After the furore surrounding his contract situation over the summer, it had been hoped that Gianluigi Donnarumma’s future wouldn’t be a talking point for at least another 12 months. Sadly, we haven’t even made it to the New Year and the AC Milan goalkeeper has spent the week in the headlines.
From talk of no release clause being in his contract renewal to chatter of an annulment and being put under pressure to sign a new deal. Add to the pot Mino Raiola’s ongoing involvement and speculation of an exit next summer, and we find ourselves in a familiar mess.
Then came Wednesday night with the Coppa Italia clash with Verona at the San Siro. Making his way out onto the pitch for his pre-game warm-up, he was greeted by a banner which read: “Moral violence, €6m per year and the signing of a parasite brother? Now go, our patience is finished”.
The section of supporters weren’t finished there, as jeers later rang around the stadium each time he touched the ball which led to him being consoled by Leonardo Bonucci both in the dressing room and on the pitch. It may not be as bad as the fake euros being flung at him during the summer, but it has developed into a nightmare once again.
Amongst this all though, the key is that not once have we heard any concerned party come out publicly and give credence to the rumours.
Gennaro Gattuso has insisted that Donnarumma hasn’t asked to leave. CEO Marco Fassone and sporting director Massimiliano Mirabelli echoed the same sentiment while Donnarumma himself broke his silence on Instagram. It was enough to dispel any truth in the rumours, and it was a positive response that will go some way to calm the latest backlash as many had been eager to hear from him.
“I never said, nor wrote, that I was on the end of moral violence when I signed the contract. Despite all of this, I look ahead with my mind on the next game…Forza Milan!” he wrote.
Meanwhile, Mirabelli and Raiola have engaged in another public war of words, but the facts are that Milan have made it clear that they have no intention to sell and they haven’t been informed by Donnarumma that he wants to leave. Should that situation change, the club would do what’s in their best interest.
With that in mind, it seems nonsensical to lash out at the 18-year-old, reducing him to tears in midweek. This past summer was different. The majority of us were deeply upset after he rejected the initial contract offer, which many of us viewed as a real slap in the face and a lack of loyalty given Milan had played a fundamental role in putting him in the position that he was in.
However, this feels different. Mere speculation has essentially sparked fury without enough substance to be angry with Donnarumma. In turn, it was difficult to watch and hear the reaction that he got in midweek.
Should he come out and confirm an intention to leave, then things would change. However, for now we must surely look at the facts and based on his statement on Instagram, he has ultimately rebuffed the speculation and wants to focus on helping Milan move forward.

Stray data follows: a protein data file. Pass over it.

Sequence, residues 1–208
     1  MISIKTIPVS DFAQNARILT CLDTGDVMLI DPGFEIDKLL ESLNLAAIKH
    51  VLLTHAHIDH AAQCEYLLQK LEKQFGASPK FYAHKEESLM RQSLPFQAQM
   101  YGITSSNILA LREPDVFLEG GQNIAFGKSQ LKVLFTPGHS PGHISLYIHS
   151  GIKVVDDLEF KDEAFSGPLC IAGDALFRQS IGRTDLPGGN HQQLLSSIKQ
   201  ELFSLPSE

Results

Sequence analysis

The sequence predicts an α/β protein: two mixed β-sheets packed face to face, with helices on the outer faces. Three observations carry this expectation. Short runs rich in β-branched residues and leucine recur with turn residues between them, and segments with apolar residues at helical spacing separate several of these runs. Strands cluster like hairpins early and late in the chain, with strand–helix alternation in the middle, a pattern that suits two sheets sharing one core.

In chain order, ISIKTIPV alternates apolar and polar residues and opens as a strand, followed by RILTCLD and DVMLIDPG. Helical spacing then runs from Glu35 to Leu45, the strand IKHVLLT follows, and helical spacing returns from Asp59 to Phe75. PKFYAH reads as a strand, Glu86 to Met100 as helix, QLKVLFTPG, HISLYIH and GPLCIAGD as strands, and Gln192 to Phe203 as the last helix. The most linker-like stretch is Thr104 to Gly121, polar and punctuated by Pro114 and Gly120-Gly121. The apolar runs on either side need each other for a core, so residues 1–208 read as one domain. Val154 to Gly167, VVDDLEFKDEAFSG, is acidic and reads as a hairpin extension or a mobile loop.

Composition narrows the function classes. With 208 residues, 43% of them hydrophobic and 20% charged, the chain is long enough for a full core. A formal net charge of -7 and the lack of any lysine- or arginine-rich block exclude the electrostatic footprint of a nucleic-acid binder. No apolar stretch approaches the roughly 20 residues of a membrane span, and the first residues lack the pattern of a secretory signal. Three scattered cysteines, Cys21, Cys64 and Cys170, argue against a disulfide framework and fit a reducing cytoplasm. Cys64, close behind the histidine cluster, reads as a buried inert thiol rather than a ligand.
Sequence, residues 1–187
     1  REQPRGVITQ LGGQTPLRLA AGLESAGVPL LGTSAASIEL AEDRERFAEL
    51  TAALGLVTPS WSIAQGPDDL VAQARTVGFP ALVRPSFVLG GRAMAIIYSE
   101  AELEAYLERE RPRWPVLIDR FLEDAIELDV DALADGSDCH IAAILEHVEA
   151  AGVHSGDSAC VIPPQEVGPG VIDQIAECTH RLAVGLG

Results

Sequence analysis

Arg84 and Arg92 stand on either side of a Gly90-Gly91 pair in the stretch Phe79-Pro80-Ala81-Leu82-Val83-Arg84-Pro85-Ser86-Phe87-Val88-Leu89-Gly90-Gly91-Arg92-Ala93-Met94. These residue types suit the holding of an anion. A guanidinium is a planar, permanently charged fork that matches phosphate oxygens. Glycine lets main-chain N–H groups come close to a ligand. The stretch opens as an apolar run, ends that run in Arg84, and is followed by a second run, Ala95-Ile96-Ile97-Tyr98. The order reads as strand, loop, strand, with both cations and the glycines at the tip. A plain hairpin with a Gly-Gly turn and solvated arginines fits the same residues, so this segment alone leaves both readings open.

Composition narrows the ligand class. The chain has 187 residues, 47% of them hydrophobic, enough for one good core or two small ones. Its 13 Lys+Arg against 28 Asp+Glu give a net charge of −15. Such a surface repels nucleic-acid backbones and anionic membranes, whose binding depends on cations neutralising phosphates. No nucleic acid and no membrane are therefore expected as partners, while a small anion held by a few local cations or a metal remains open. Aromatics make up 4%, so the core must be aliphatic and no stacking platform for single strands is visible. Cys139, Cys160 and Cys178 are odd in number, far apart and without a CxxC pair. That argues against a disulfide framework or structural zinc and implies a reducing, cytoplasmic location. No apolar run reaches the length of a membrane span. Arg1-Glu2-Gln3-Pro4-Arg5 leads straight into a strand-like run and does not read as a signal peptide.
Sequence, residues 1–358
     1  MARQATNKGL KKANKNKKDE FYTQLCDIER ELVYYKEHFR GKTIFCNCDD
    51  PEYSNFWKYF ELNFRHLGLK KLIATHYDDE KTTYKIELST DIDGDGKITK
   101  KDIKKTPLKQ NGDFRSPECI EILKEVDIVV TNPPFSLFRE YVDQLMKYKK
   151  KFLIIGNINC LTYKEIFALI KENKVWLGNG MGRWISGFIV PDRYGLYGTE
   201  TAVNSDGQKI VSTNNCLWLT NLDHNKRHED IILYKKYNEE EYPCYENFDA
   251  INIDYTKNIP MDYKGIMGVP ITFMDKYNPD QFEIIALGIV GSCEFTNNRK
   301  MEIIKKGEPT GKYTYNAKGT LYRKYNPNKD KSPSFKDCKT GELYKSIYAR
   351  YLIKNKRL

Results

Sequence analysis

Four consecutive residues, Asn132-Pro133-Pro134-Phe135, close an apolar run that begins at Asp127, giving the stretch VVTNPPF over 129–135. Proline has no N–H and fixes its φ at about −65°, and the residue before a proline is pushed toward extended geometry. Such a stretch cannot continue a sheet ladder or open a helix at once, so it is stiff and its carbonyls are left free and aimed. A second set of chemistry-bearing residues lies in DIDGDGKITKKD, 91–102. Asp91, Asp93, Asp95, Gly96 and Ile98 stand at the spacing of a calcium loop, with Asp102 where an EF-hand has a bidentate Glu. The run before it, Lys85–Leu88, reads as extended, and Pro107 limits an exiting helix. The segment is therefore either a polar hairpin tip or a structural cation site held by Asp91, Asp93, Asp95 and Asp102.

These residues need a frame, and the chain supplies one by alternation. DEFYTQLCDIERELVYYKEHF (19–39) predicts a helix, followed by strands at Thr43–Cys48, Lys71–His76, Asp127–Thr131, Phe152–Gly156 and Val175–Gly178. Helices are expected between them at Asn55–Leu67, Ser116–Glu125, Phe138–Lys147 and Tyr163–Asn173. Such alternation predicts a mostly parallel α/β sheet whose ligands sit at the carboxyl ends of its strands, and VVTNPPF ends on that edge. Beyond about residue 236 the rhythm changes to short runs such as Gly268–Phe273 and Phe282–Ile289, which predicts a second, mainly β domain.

It’s not a great time for the Rossoneri, on or off the pitch. From the voluntary agreement being rejected by UEFA, which will have potential negative repercussions next year, to the disappointing results this season. The problems are seemingly mounting at the club.
As a result, we could surely do without another controversial storm around Donnarumma again, and in fairness, Raiola’s recent lengthy statement to La Gazzetta dello Sport was relatively positive, albeit he’ll remain the villain moving forward as there’s always an air of him being behind such problems.
A January exit seems highly improbable unless there’s a shocking turn of events, and given the calm-natured reaction from Fassone and Mirabelli, they don’t envisage this becoming a problem between now and the end of the season.
Will it rear its ugly head again next summer? Perhaps. However, after being very vocal with my disappointment and frustration with Donnarumma at one stage this past summer, it’s arguably worthwhile to reflect on how things eventually played out.
Donnarumma signed an extension, reiterated that it was his personal desire throughout to remain with Milan, with Raiola conceding as much too, and he’s essentially repeated himself this week and tried to quell the anger around him. That speculation emerged from media talk, the opposite of which has since been put forward by those directly involved.
Milan are away at Verona on Sunday and so we won’t be able to measure the atmosphere until Milan return home to face Atalanta next week. Ultimately, while it’s not an ideal situation for Milan, Donnarumma or Raiola, the club have more pressing matters to be concerned with and that’s moving up the Serie A table and becoming a real force under Gattuso between now and May.
Sumeet Paul covers AC Milan for ESPN FC. Follow him on Twitter: @SP_Calcio.